ORANGE PARK – The art of Middleburg High students will live on forever on the ceilings of Orange Park Medical Center’s pediatric ward.Hospitals can be quite scary. That feeling is …
ORANGE PARK – The art of Middleburg High students will live on forever on the ceilings of Orange Park Medical Center’s pediatric ward.
Hospitals can be quite scary. That feeling is heightened when children don’t understand why they’re there. They now can find comfort – and maybe even a smile – when they look up at the ceiling, thanks to art teacher Adam Goodwin’s portfolio class students.
“We’ve been doing this ceiling tile art for a couple of years now,” Goodwin said, explaining how the ceiling tiles in the hallway where his art room is located have been painted by his students for years. “One of the ladies from OPMC came to a freshmen orientation one year and when she saw them, I think she took the idea back to the hospital and then asked us if we could do it for them.”
Goodwin said it was a two-year process, but that the tiles recently were given to OPMC. He said his students at first were reserved, likely nervous about the permanence that comes with a project like this, but once they got into it, “they were really excited about it.” Some of the students and Goodwin presented the art to OPMC. While they couldn’t go in and see their work displayed due to COVID-19 restrictions, they were still able to hear about the excitement from OPMC officials and doctors from the pediatric ward.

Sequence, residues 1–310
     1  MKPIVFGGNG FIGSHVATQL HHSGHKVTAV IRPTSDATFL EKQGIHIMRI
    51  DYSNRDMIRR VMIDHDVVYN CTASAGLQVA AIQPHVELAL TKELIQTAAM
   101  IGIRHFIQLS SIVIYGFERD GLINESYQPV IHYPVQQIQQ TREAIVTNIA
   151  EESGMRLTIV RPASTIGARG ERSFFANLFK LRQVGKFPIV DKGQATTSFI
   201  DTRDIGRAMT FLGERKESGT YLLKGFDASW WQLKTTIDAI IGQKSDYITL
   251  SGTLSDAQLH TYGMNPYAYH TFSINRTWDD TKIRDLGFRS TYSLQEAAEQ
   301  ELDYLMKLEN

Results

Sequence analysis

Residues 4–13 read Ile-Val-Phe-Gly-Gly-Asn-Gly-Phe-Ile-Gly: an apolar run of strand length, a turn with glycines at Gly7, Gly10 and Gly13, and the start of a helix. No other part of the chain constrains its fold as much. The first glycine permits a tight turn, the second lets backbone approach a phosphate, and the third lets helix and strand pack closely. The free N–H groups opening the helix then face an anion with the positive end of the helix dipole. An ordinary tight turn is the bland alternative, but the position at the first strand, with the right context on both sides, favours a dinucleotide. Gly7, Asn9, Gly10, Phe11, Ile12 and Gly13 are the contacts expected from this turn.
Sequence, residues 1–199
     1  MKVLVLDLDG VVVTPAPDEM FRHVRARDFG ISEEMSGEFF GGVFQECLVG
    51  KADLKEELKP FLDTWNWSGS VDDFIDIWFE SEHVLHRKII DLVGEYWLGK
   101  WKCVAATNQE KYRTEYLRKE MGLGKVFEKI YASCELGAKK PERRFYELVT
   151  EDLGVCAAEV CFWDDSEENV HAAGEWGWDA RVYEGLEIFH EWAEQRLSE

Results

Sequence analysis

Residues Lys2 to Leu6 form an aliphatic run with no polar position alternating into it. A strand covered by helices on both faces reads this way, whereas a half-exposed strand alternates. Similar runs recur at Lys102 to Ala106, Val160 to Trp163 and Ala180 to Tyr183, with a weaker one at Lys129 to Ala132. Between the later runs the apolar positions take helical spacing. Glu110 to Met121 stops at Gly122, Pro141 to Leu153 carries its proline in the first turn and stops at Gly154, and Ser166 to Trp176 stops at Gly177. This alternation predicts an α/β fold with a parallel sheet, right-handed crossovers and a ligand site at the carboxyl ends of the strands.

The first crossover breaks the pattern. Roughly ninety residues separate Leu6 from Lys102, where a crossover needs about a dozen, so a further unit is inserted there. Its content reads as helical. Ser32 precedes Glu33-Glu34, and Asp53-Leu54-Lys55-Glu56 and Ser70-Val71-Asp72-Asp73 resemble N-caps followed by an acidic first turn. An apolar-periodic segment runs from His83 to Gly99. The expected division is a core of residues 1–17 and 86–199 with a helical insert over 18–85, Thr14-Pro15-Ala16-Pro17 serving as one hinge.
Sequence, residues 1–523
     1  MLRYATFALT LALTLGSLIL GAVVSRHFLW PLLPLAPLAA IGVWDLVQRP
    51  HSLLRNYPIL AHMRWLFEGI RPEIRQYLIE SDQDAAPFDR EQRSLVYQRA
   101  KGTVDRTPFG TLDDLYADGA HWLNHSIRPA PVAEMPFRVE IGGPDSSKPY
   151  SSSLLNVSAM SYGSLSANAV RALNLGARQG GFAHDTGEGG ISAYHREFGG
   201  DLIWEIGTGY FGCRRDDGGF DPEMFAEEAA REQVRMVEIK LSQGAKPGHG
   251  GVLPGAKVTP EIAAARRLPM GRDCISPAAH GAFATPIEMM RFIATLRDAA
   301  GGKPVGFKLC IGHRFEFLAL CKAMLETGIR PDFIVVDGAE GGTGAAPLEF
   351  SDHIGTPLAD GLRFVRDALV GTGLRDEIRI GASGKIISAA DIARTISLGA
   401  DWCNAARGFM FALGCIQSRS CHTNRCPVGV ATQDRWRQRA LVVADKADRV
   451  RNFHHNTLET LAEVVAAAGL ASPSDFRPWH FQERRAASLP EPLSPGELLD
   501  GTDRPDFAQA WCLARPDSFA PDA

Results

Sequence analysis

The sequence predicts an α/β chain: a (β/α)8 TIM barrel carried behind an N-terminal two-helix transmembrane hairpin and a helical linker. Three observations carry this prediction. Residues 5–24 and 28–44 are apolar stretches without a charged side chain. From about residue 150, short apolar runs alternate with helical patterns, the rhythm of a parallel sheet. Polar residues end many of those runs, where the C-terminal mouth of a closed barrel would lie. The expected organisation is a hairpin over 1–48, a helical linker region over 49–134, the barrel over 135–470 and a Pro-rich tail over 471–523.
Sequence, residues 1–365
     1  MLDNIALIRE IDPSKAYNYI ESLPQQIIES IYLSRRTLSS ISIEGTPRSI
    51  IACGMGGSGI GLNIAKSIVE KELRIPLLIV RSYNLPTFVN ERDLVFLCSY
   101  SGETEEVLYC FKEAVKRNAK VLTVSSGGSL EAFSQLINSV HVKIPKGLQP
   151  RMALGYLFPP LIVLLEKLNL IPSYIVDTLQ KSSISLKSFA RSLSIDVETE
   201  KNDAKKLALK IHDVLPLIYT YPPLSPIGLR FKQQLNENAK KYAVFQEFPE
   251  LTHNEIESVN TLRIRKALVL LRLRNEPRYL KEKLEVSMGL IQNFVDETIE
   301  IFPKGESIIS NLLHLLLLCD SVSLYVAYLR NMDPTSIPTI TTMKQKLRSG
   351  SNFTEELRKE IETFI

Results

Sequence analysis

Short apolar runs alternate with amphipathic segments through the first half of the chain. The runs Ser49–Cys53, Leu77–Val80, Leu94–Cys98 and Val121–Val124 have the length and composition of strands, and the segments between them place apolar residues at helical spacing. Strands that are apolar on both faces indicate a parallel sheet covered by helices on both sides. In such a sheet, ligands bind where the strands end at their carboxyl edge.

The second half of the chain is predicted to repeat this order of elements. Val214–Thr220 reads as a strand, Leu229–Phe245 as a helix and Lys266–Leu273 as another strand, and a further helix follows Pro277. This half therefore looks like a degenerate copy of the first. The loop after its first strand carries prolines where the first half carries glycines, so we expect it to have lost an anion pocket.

“This project warmed our hearts,” Director of Women and Child Services at OPMC Suzanne Jones said. “We know these students have had a challenging year dealing with the pandemic, yet they took the time to do something so special for our patients. It really means a lot to us.”
Goodwin said the students that participated were from his upper-level portfolio class, otherwise known as the honor art students. He said he was extremely proud of them for their work.
“If you ever have to take your own kid to the hospital, you want the kid to feel a little better about going in, because it can be scary, and it’s great that these students were able to do this,” Goodwin said. “I don’t think it’ll be a one-time thing, either, and we’re hoping it’s a yearly thing. It all depends on the hospital really.”
Adrianna Ouzts, 18, is a senior and she painted dolphins and jellyfish on some tiles. She said she was excited to work on tiles with a zoo theme, especially because of how much children generally love zoo animals.
“We presented the art on the school news and then the day we were going to take them to the hospital, they were placed outside the classroom for everyone else to see, and then when we actually took them to the hospital, we couldn’t go in,” Ouzts said. “The people in charge of the hospital and the ward came out and talked to us and thanked us so that was really nice.
“It makes me feel good knowing it’ll provide happiness for children and I think it’s really cool to have an opportunity to paint something for a public place, but even more than that, for children. It warms your heart.”